by Weber Shandwick

The past couple of weeks have been a time to reflect on the amazing women who have helped shape us into the professionals and leaders we are today. So we thought it was also an appropriate time to acknowledge the many amazing mothers in our office.

We talked to some of the mothers at Weber Shandwick to understand just how they navigate the increasingly complex and chaotic worlds of family and work – a feat that continually astounds us.

They shared some of their advice for any parent looking to strike a balance between headlines, deadlines and bedtimes.

  1. Set realistic expectations

The communications industry tends to attract those who set objectives but always want to exceed them.  Whether that’s to increase awareness of an issue, or shift debate on a topic, or deliver sales in record time using new and different engagement tools.

When we return to work after time away, we can be a little tough on ourselves.

After having two babies within 15 months, Claire Plasto, Weber Shandwick’s Marketing Director, returned to work on a part-time basis. “I had never worked part time before and totally underestimated it. I was trying to get five days of work done in three, while managing a household and two children under two – crazy,” Claire said.

“After experiencing a few ups and downs like sick children on work days and work pressures on days off, I was able to reach a balance.  Just like when you begin your career, you start at a level with achievable expectations. Being a working mum is similar, you need to build your confidence, change things around to see what works, and experience this new role before you can expect to settle into it and feel comfortable and satisfied.”

Senior Account Director Kara Jecks also believes it’s important to be realistic about what you can achieve: “Be kind to yourself. We put a lot of pressure on ourselves to be great at our work, great parents and great partners. It’s important to set reasonable expectations, take some time out and make a bit of ‘headspace’ to just enjoy life.”

  1. Focus on outcomes not outputs

Measurement has always been one of the biggest challenges in our industry. It’s certainly not about how many words you craft or how many releases you issue, it is about reaching the right eyeballs and causing a change in behaviour.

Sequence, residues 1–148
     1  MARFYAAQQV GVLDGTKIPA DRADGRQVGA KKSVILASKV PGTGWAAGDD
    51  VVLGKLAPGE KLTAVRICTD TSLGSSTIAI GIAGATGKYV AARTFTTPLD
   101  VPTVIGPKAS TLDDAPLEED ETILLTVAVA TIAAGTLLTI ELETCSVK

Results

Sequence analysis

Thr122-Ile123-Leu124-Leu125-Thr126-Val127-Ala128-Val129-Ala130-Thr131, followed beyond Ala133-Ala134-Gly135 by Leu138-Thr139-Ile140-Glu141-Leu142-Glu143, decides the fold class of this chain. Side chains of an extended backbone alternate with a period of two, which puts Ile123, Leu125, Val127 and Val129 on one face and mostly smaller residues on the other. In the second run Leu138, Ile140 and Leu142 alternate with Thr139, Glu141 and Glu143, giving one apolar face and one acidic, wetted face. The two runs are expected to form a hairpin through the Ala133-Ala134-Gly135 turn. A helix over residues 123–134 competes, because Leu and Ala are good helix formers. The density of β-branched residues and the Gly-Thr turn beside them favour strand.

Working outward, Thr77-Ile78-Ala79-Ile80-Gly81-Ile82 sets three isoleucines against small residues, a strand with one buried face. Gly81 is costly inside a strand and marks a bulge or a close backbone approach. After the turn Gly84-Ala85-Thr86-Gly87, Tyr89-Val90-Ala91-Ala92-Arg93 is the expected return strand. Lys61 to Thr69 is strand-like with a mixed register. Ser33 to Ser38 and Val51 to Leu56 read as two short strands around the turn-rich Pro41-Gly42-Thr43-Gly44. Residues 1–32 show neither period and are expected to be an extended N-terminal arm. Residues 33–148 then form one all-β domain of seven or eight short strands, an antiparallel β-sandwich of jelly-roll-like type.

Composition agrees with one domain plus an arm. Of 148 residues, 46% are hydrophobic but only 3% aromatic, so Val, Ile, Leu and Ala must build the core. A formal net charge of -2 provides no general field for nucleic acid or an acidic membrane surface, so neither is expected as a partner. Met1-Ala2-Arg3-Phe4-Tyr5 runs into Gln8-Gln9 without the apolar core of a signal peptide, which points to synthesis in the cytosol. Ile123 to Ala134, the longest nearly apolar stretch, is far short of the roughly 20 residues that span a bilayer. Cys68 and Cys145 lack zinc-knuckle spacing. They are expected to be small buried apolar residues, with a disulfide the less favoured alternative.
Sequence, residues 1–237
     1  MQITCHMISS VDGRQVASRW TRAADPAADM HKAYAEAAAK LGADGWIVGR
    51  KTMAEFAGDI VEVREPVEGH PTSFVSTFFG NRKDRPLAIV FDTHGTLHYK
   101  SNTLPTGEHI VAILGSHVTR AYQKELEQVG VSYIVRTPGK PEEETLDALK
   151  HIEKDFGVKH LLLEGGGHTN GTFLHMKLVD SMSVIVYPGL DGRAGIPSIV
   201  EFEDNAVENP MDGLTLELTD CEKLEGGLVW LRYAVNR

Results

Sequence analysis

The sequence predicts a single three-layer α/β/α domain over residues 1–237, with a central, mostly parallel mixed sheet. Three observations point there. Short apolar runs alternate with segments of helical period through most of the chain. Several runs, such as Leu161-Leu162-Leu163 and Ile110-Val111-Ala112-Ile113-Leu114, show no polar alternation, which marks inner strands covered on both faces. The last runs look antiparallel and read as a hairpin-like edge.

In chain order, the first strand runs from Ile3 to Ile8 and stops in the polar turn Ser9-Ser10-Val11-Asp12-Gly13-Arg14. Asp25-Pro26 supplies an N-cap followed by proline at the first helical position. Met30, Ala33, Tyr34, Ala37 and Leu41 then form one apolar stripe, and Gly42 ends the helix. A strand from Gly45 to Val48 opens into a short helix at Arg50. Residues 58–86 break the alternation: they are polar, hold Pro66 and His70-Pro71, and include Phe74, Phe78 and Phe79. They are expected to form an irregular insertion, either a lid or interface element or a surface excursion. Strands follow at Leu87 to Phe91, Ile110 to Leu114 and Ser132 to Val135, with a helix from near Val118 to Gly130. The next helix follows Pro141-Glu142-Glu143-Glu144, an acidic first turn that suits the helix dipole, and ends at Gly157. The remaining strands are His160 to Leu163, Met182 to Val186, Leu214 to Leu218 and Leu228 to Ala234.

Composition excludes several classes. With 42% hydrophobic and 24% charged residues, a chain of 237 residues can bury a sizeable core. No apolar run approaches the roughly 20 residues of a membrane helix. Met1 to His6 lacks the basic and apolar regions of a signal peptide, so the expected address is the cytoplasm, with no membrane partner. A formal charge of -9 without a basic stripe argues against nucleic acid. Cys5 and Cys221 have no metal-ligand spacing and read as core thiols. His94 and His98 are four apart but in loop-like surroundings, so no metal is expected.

This is important to remember as you measure yourself and your contribution to your people, your clients and the organisation you work for. According to Natalie Duncan, Client Relationship Lead at Weber Shandwick’s sister agency, Creation, becoming a mother can improve prioritisation.

“It’s a bit of cliché but I do believe becoming a mum makes you more efficient with your time,” Natalie said. “Rather than focusing on being in the office for a set number of hours, I focus more on what I need to achieve each day to make both my team and clients happy. I’m fortunate to work for an agency that embraces flexibility and provides the freedom to do my job and fit in my motherhood commitments, including working from home one day a week.”

Account Director Aviva Waks agrees that becoming a mum doesn’t mean your career will stagnate. “It’s important to find opportunities that allow you to continue to challenge yourself, grow and develop just like everyone else in the organisation. I would also say it’s about finding other ways to provide ongoing support where needed and where possible to help mums, as well as dads, through the various milestone moments we face as parents.”

  1. Embrace your community

As the communications industry evolves to reflect the ‘tribes’ that make up our society today, it is just as important to be open-minded about the people around you, who can help you blend work and life.

Having no family in Australia means Megan doesn’t have the luxury of people to call on for help with the school drop off or pick up, but she has found other ways to get around this. “I have built a surrogate family and community of people in similar circumstances to us. These people are our Aussie family,” Megan said. “They are amazing at offering to drop off or pick up the children when we can’t get there and in return they know we will help them out when needed too.”

It’s equally important to surround yourself with people at work who respect you for the professional you are, but also recognise that you can work from a range of locations and hours, and still deliver the support, counsel and results they need.

“The ability to adjust my hours at the office to navigate the commitment of running a family has enabled me to be better at what I do, both at work and as a mum,” says Min Chow, Senior Account Director. “I don’t have to stress about missing out on Mother’s Day afternoon tea because I know I can get back online later to work on the plan for the client, and do a better job of it!”

  1. Establish open communication

Weber Shandwick’s Managing Director, Ava Lawler believes it’s important to set clear boundaries and stick to them. “Over time I’ve become more confident and decisive with my commitments on both a home and work front,” Ava said. “This has made it easier for both my family and my colleagues. I am really open with my family so they know how important my work is and I am also clear with my colleagues, clients and managers, that my family comes first. I think this understanding helps with some of the tougher decisions you have to make along the way.”

“I also try to stay in the moment as much as possible. When I am with my children I try really hard to give them 100% of my focus and enthusiasm and then I am more positive, clear and refreshed when I am in work mode,” Ava concluded.

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